Kansas judges

WichitaLiberty.TV: Joseph Ashby on Kansas judges, schools, and the president

WichitaLiberty.TV: Joseph Ashby on Kansas judges, schools, and the president

In this episode of WichitaLiberty.TV: Radio Show Host Joseph Ashby joins host Bob Weeks to talk about Kansas judges, Kansas schools, and presidential politics. View below, or click here to view at YouTube. Episode 128, broadcast September 11, 2016. Shownotes The Joseph Ashby Show The Joseph Ashby Show on iTunes From Pachyderm: Radio Host Joseph Ashby Joseph Ashby author archive at American Thinker
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Kansas Supreme Court: Making law, part 3

Kansas Supreme Court: Making law, part 3

Do the justices on the Kansas Supreme Court make new law? Yes, and here is another example. A paper by Kansas University School of Law Professor Stephen J. Ware explains the problem with the undemocratic method of judicial selection process used in Kansas.[1. Ware, Stephen J. Originalism, Balanced Legal Realism and Judicial Selection: A Case Study. Available at papers.ssrn.com/sol3/papers.cfm?abstract_id=2129265.] The question is whether judges are simply arbitrators of the law, or do they actually participate in the lawmaking process? In his paper, Ware presents eleven examples of judges on the two highest Kansas courts engaging in lawmaking. Here, Ware explains…
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Kansas Supreme Court: Making law, part 2

Kansas Supreme Court: Making law, part 2

Do the justices on the Kansas Supreme Court make new law? Yes, and here is an example. A paper by Kansas University School of Law Professor Stephen J. Ware explains the problem with the undemocratic method of judicial selection process used in Kansas.[1. Ware, Stephen J. Originalism, Balanced Legal Realism and Judicial Selection: A Case Study. Available at papers.ssrn.com/sol3/papers.cfm?abstract_id=2129265.] The question is whether judges are simply arbitrators of the law, or do they actually participate in the lawmaking process? In his paper, Ware presents eleven examples of judges on the two highest Kansas courts engaging in lawmaking. Here, Ware explains…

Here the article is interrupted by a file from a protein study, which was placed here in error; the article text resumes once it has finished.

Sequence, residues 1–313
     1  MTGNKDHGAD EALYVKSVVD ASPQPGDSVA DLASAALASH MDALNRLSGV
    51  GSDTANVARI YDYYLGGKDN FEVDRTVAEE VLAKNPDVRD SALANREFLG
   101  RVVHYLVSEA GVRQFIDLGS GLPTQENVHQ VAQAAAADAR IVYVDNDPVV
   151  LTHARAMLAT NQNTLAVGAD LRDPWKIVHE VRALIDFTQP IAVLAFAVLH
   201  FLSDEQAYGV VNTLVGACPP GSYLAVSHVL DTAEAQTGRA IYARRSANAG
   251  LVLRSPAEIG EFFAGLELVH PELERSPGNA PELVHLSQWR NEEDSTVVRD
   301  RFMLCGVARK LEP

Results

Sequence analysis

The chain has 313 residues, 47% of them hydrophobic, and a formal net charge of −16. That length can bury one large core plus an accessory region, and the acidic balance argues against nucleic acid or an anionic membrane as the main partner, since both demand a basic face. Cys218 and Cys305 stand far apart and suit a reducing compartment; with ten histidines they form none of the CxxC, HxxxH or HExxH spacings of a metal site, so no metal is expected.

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Kansas Supreme Court: Selecting Judges

Kansas Supreme Court: Selecting Judges

While many believe that judges should not "legislate from the bench," that is, make law themselves, the reality is that lawmaking is a judicial function. A paper by Kansas University School of Law Professor Stephen J. Ware explains the problem with the undemocratic method of judicial selection process used in Kansas.[1. Ware, Stephen J. Originalism, Balanced Legal Realism and Judicial Selection: A Case Study. Available at papers.ssrn.com/sol3/papers.cfm?abstract_id=2129265.] At issue is whether judges are simply arbitrators of the law, or do they actually participate in the lawmaking process. Ware presents eleven examples of judges on the two highest Kansas courts engaging…
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As lawmakers, Kansas judges should be selected democratically

As lawmakers, Kansas judges should be selected democratically

While many believe that judges should not "legislate from the bench," that is, make law themselves, the reality is that lawmaking is a judicial function. In a democracy, lawmakers should be elected under the principle of "one person, one vote." But Kansas, which uses the Missouri Plan for judicial selection to its highest court, violates this principle. A 2012 paper by Kansas University School of Law Professor Stephen J. Ware explains the problem with the judicial selection process in Kansas. The paper is titled Originalism, Balanced Legal Realism and Judicial Selection: A Case Study and may be downloaded at no…
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